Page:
Film review: Green Book (Director: Perter Farrelly)
By Sascha Krieger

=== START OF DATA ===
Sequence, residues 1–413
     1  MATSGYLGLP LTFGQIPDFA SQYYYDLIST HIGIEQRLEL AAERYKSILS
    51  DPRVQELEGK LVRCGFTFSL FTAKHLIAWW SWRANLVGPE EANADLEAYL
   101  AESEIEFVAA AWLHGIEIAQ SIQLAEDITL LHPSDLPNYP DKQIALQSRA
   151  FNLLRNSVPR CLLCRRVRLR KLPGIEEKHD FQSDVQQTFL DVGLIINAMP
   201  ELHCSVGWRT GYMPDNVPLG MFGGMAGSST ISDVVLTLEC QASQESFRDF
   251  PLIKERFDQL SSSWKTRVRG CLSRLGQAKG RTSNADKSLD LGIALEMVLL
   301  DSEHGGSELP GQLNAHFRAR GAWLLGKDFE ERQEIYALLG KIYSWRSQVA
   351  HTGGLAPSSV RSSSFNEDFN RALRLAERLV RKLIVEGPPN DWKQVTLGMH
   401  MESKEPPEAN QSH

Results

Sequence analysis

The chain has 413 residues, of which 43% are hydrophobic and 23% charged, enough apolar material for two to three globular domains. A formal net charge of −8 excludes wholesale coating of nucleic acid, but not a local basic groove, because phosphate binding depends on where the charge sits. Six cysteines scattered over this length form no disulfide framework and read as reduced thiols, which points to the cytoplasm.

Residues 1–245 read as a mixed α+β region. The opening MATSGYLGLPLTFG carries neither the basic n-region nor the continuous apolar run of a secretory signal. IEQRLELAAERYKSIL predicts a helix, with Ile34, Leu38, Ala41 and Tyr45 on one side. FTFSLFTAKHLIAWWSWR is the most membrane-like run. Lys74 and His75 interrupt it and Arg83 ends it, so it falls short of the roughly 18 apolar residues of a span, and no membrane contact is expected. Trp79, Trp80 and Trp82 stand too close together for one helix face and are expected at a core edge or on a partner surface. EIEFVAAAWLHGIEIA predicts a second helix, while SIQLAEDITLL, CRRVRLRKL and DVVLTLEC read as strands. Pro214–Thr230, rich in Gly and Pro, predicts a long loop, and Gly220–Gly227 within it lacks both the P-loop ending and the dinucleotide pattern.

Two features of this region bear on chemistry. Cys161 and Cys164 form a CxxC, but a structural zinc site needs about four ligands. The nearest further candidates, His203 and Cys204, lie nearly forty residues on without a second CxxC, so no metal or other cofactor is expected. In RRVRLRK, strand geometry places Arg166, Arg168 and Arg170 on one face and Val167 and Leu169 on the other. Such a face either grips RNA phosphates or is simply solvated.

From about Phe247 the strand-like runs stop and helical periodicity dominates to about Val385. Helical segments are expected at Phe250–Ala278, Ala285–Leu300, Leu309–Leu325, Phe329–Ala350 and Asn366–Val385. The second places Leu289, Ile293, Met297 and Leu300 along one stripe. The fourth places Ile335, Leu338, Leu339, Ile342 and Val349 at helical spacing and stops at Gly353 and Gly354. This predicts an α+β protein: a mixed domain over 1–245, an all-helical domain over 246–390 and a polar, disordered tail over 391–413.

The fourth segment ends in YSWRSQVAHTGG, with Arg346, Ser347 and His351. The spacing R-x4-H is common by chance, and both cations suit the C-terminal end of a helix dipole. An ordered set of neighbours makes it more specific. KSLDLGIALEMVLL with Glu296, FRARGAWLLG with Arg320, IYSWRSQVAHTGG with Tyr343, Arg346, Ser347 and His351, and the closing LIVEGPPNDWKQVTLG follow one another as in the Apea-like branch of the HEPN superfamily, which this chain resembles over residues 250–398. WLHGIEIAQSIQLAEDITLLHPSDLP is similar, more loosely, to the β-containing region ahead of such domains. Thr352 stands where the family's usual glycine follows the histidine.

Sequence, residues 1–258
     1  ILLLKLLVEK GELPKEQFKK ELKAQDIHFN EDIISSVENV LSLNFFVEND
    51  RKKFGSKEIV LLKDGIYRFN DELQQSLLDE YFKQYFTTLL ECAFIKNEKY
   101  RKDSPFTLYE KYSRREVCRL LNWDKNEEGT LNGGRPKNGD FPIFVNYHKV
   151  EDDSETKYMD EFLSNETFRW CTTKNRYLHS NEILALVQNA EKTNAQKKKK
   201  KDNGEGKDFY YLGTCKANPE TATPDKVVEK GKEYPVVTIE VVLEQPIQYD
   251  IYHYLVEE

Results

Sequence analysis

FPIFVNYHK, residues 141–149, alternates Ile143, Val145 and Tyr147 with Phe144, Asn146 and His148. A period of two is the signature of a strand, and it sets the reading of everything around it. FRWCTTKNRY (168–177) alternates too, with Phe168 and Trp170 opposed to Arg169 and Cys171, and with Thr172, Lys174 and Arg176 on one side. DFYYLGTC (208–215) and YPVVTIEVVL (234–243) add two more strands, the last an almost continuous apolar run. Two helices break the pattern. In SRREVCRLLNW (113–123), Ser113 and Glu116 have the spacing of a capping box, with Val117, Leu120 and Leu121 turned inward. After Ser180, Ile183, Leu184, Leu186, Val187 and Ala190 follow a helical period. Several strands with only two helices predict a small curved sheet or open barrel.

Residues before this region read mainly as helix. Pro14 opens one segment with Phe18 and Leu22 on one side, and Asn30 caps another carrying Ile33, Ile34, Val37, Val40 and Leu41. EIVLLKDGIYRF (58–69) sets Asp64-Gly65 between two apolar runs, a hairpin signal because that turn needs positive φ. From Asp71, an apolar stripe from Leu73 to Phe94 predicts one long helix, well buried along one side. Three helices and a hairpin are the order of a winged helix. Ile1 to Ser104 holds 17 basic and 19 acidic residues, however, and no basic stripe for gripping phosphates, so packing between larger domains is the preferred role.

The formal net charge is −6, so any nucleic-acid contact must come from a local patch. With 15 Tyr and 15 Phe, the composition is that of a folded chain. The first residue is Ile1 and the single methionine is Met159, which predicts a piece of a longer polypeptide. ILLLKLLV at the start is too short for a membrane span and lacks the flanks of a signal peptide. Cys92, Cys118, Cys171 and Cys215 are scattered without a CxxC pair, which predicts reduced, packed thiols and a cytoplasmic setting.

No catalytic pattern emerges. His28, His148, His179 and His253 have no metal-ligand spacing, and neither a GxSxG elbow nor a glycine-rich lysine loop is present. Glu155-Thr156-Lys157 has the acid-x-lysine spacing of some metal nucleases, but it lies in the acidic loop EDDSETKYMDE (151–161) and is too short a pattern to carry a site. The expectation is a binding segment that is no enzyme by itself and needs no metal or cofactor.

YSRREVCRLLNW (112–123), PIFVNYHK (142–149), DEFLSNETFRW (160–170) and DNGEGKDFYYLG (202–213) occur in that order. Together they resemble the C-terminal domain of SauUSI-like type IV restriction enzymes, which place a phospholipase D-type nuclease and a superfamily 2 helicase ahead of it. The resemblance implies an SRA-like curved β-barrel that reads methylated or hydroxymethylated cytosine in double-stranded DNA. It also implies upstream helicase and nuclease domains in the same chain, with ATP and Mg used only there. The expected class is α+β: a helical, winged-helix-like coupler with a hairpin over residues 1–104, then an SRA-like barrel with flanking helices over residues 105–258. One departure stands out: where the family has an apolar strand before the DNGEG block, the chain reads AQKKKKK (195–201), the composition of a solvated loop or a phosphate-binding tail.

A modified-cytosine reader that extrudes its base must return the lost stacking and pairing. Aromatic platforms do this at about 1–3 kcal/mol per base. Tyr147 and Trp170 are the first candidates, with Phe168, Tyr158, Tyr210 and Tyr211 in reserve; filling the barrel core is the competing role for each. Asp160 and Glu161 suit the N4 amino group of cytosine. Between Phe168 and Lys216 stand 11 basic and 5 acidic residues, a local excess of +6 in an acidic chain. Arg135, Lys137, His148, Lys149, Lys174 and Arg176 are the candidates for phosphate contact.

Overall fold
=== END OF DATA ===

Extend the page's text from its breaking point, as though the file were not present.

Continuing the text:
On the surface things look great when it comes to diversity in film: out of the eight films nominated for a „Best Picture“ Academy Award this year, thee deal with racism and equality for people of colour, two of them, BlackKkKlansman and Black Panther even include „black“ in the title, all feature strong performances by very diverse casts, Black Panther only has two white cast members. Following Wonder Woman and shortly joined by Captain Marvel it is praised for infusing the super hero and blockbuster fields with diversity and the chance to inspire groups of people traditionally on the sidelines of such films. All good in Hollywood? Not really. The year’s most remarkable film about race relations and discrimination, Barry Jenkins‘ If Beale street Could Talk, a film with an almost all-black cast, an all-black story and told from a decidedly black view-point – as well as being a masterpiece in its own right – was snubbed at the nominations. The question why is hard to answer but there is something it lacks that the other films have: a white saviour, the traditional benevolent white man (usually) who helps the non-whites to win the day. Black Panther has this in the form of Martin Freeman’s CIA agent and even BlacKkKlansman, while offering a story driven by the black protagonist, has a figure for the white audience to identify with in Adam Driver’s indispensable undercover cop. See how even this review only mentions white actors‘ names. Here you go.